With that she shoved him into the yard and closed the door.  Svierre sulked, for he certainly didn’t want to farm.  The day was bright and warm with just the right amount of breeze that made the tiny sprouts of vegetables bounce as it blew past.  Surely this was never a day meant for working.

Seizing this new drive towards avoiding work he began to wander towards the river, intending to bathe in its cleansing waters and try to catch a few guppies with his hands.  However on this familiar path he saw sitting there, plain as day as if it had always been there, a small dark house.  Svierre paused, blinking at the house as if his eyes could unsee that which they were seeing.  Yesterday there was nothing there but a patch of heather and now there was a full house.  Amazed, he walked over to it and touched the walls to make sure that he knew it was real.  Smooth wood met his hand and he nodded, as if confirming the reality of his hands.

As if his touch was a signal the door swung open gently, bringing with it the scent of that which was within.  If it had not been that specific scent, he surely would have walked away and told the village of that which he saw, but it was too late.  The scent of old paper and leather, unmistakably it was the scent of many books.  Books that he had never read.  Perhaps whoever lived here would be willing to let him read some if he went in to meet them.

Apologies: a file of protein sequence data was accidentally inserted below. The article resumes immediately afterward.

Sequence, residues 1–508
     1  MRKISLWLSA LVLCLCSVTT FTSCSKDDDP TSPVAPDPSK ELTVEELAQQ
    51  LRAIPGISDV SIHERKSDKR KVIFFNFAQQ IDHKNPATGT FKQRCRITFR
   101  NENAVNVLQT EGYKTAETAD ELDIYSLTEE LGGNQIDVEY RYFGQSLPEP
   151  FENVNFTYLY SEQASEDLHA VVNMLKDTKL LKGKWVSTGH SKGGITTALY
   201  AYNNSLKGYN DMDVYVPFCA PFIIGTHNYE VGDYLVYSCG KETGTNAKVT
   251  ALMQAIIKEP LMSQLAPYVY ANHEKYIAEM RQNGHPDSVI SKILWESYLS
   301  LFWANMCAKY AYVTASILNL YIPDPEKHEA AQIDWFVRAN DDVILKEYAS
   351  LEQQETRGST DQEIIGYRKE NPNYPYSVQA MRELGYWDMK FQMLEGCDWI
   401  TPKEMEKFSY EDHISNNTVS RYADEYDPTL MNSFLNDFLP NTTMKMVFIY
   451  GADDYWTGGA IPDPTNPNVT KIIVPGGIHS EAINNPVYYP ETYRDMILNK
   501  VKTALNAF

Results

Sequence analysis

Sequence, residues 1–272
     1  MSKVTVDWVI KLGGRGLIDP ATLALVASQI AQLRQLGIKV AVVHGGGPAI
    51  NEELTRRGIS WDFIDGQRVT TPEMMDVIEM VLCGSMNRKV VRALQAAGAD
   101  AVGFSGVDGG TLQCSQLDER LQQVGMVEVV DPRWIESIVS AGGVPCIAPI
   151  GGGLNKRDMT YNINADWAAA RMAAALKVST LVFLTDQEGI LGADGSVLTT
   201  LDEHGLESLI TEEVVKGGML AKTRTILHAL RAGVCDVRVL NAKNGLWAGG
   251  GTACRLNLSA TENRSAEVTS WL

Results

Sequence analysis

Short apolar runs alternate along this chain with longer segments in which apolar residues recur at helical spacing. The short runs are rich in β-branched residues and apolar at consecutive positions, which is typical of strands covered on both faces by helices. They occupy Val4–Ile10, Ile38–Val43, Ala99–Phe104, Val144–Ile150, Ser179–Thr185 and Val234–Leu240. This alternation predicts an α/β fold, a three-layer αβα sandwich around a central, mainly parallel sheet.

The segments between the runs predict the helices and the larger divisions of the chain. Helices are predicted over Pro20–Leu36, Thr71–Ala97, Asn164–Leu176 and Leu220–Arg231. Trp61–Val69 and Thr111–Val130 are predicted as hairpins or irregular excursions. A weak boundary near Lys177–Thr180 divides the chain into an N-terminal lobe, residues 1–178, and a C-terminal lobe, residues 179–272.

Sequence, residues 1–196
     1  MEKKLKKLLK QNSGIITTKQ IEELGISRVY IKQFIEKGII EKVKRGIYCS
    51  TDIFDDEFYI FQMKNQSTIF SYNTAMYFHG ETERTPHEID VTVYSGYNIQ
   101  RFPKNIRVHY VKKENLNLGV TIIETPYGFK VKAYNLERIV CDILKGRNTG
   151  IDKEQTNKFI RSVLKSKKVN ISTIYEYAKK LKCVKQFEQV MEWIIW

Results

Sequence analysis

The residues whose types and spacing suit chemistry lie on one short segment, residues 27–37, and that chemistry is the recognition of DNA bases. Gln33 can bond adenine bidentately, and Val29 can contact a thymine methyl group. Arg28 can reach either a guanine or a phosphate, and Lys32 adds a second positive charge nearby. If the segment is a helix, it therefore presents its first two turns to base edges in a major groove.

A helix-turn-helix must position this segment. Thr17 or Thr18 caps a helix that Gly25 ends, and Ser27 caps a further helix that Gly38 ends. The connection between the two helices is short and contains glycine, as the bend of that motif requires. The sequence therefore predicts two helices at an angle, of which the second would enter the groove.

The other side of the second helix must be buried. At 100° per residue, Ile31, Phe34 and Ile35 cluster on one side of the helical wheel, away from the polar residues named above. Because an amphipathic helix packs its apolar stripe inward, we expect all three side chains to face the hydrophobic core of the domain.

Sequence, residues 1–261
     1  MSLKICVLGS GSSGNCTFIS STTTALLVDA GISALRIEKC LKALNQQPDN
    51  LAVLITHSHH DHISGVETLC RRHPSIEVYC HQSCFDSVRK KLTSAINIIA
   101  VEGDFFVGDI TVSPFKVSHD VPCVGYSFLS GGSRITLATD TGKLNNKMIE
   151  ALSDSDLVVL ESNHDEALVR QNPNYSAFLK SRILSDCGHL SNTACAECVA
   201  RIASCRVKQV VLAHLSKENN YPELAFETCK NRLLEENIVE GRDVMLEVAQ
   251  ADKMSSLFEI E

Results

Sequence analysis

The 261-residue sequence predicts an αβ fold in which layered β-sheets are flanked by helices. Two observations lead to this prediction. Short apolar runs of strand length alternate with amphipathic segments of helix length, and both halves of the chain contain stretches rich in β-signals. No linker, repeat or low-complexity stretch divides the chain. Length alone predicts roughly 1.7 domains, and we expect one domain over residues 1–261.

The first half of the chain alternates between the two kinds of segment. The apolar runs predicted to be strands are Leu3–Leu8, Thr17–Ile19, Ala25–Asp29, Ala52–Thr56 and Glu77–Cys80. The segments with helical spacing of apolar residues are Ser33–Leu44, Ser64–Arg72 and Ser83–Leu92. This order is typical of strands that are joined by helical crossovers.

With curious feet he walked through the door and called within “Hello?”

Nothing but silence that swallowed and recorded his words.  The light was dim despite the brightness of the sun and he grabbed a candle from the table by the doorway along with a tinderstick.  “Hello, I noticed your door was open.  I just wanted to say hi.” He said, even as he was lighting the candle.  Surely they would forgive him if he wasted just a bit of their wax in the name of being friendly.

The warm glow spread over the most glorious sight his eyes had ever beheld.  This was no typical house.  Instead of a table and chairs before him, there were shelves.  Shelves that reached to the ceiling and were covered in books.  Losing track of the fact that this was not his house, he ran forward with a candle in his hand to go look at them.  Some were in texts he could not understand, but everything within his eyesight was tales of old, legends that were long since lost or merely relegated to the big cities and fancy colleges.  “Atron and His Hubris”, “Kilik and the Ring of Flowers”, “A Rage With No End”, “The Architect”- so many tales that he had never heard of before.  Deeper and deeper he moved into the labyrinth of shelves.  He placed the candle to the ground as he picked up a book titled “Alouetta the Brave”, pouring eagerly over its pages.